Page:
Athleten Deutschland has called for International Federations (IFs) to have harmonised regulations regarding the nomination of athletes to the Refugee Olympic Team, following the case of canoeist Saeid Fazloula.
German broadcaster ARD reported that Fazloula had been prevented from securing a nomination to the Refugee Olympic Team for Tokyo 2020.
The International Canoe Federation (ICF) had initially refused to nominate Fazloula due to him representing Germany at international level, which under their statutes considers him to have found a host country.
Fazloula has been living in Germany as a recognised political refugee without German citizenship, after fleeing from Iran.
ARD reported that Fazoula had fled to Germany via the Balkans, after the Iranian regime accused him of turning away from Islam after he took a selfie in front of the Milan Cathedral following a World Cup event.
Fazoula would reportedly have required Iranian approval for him to be able to compete for the Refugee Olympic Team.
The ICF changed their rules following the story, with the organisation's vice-president and German Canoe Association President Thomas Konietzko having requested changes.
"In the last few weeks I have been promoting my position behind the scenes and that of the German federation, that the rules for starting an athlete for the International Olympic Committee (IOC) Refugee Team have to be interpreted differently than those for changing countries," Thomas Konietzko told ARD.
"In the end, a majority of the Board followed me and the ICF decided that the International Federation would propose to the IOC that Saeid be admitted to the IOC Refugee Team.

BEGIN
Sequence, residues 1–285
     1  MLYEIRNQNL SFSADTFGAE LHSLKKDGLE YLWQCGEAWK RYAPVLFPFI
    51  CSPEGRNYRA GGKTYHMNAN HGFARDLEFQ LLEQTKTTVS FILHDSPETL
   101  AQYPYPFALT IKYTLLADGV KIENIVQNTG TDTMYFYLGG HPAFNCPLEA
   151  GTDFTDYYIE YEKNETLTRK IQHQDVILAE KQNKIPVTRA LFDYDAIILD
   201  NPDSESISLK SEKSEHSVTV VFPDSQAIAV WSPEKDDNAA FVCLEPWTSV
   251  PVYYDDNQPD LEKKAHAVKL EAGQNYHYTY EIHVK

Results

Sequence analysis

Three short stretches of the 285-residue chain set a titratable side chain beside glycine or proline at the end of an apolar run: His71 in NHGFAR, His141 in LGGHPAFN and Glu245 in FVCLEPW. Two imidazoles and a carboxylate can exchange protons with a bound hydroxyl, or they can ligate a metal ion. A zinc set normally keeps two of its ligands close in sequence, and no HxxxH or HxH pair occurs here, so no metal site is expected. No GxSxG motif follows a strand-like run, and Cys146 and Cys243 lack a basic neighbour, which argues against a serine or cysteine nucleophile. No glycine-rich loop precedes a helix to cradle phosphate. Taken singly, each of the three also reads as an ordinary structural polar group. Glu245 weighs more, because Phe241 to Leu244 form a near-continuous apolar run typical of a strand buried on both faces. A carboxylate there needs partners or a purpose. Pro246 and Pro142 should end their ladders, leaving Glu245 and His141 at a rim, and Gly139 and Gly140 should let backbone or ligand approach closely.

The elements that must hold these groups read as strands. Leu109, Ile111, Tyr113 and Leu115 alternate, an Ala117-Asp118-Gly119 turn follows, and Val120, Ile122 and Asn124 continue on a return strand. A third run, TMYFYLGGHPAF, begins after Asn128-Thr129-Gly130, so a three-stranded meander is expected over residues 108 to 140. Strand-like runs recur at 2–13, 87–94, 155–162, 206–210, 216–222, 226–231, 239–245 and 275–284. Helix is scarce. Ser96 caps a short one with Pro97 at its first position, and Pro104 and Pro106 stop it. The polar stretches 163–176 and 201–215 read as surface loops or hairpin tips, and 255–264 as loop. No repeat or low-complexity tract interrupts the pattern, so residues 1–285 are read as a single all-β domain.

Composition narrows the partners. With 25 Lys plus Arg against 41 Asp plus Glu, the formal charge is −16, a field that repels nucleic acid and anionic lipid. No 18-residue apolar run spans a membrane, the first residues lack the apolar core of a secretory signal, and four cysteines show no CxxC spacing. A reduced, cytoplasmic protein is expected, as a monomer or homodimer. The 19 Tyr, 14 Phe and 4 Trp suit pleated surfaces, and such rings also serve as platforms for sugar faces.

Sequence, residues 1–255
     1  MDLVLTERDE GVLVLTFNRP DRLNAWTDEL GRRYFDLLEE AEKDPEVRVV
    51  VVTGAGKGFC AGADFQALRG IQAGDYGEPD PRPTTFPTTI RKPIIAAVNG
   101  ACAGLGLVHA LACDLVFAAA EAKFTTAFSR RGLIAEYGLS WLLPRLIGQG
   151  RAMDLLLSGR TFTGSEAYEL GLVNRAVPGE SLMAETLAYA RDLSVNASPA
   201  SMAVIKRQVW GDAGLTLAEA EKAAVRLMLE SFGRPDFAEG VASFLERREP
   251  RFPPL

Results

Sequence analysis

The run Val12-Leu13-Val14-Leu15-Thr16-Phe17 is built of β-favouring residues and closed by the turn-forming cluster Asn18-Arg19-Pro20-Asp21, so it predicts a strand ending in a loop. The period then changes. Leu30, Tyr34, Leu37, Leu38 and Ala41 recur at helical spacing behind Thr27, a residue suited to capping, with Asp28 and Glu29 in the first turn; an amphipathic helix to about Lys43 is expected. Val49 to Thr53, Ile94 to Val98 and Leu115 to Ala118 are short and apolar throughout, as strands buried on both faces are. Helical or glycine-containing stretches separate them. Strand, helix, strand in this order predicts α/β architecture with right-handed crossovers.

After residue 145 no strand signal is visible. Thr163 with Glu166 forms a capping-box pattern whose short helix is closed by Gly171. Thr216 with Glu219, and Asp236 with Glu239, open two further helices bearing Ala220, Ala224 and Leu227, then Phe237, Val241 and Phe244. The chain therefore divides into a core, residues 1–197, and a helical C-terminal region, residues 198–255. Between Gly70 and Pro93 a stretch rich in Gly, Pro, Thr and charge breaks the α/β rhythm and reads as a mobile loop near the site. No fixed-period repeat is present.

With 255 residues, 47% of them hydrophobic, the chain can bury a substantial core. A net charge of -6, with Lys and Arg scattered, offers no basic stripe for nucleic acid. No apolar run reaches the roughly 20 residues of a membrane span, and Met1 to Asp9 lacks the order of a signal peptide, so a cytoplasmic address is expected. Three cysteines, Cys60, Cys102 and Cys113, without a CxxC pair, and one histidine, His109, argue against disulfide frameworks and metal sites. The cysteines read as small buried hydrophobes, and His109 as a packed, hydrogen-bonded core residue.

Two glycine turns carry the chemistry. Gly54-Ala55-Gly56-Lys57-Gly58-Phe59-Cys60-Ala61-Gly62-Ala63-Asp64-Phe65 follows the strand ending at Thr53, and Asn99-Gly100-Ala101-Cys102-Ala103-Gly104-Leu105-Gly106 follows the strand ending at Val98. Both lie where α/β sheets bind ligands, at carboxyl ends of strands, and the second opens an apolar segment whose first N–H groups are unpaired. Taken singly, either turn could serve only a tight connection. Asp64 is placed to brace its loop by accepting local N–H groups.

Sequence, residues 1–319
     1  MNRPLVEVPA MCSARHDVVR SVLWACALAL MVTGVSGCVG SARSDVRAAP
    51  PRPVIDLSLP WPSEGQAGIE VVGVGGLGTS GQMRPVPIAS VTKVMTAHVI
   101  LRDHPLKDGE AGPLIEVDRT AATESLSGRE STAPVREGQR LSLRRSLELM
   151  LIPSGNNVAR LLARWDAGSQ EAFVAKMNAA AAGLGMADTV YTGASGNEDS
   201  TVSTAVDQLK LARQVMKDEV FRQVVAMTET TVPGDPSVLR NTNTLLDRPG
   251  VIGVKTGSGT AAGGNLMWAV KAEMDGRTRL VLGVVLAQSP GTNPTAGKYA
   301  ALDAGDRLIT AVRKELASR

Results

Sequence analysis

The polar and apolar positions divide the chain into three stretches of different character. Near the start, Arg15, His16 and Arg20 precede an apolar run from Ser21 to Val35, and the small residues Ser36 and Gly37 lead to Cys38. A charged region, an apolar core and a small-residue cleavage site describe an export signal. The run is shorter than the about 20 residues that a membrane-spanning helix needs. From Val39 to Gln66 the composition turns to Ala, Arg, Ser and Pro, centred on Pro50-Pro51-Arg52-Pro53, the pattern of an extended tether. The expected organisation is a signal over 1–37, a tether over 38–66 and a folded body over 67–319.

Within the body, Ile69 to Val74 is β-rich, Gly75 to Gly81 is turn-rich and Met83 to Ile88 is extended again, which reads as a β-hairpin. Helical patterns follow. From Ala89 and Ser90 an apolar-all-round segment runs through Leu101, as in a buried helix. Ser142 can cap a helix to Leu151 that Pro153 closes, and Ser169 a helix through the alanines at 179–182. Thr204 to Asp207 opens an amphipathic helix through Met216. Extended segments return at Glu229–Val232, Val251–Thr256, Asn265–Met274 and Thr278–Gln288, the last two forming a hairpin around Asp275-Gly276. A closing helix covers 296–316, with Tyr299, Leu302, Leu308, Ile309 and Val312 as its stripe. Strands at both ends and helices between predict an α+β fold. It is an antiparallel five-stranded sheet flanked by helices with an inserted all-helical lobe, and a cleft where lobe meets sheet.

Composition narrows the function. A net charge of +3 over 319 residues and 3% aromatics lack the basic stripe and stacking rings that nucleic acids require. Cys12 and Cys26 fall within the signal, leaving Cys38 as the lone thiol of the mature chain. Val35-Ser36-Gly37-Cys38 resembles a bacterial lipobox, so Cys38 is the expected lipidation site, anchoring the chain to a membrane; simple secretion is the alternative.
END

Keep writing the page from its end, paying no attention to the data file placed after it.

"All nations will now be written to and asked whether there may be refugees in other countries who are eligible for a start in the Refugee Team and if this is the case, they will request a corresponding proof of performance."
Athleten Deutschland has now called for harmonised regulations among IFs, citing the example of World Taekwondo.
World Taekwondo allowed Dina Pouryounes, also from Iran, to join the Refugee Olympic Team and also lets her compete in other international competitions for her host country, The Netherlands.
Around two thirds of the 33 IFs are reported to lack clear rules for refugees.
Athleten Deutschland praised the Refugee Olympic Team as an "outstanding project which gives hope to refugees worldwide", but said standard rules are required.
"The case of Saeid Fazloula clearly shows that the IOC and International Sports Federations have a special responsibility and duty to protect athletes who have become refugees," said Maximilian Klein, Athleten Deutschland's representative for international sports policy.
"They must now urgently bring an end to the current hotchpotch within the federations before the Tokyo Games.
"It is unacceptable that refugee athletes have unequal chances of being admitted to the refugee team just because they are in the wrong federation."
Athleten Deutschland added that it hopes the IOC will now allow Fazloula to start at the Olympic Games.
Members of the IOC unanimously endorsed the formation of the refugee team for the second consecutive Summer Games back in 2018.
The team is expected to be larger than the 10-strong outfit which participated at the 2016 Olympics in Rio de Janeiro.
The IOC has awarded refugee athlete scholarships to inspire athletes as they attempt to secure places on the team, which includes the 10 members of the Rio 2016 squad.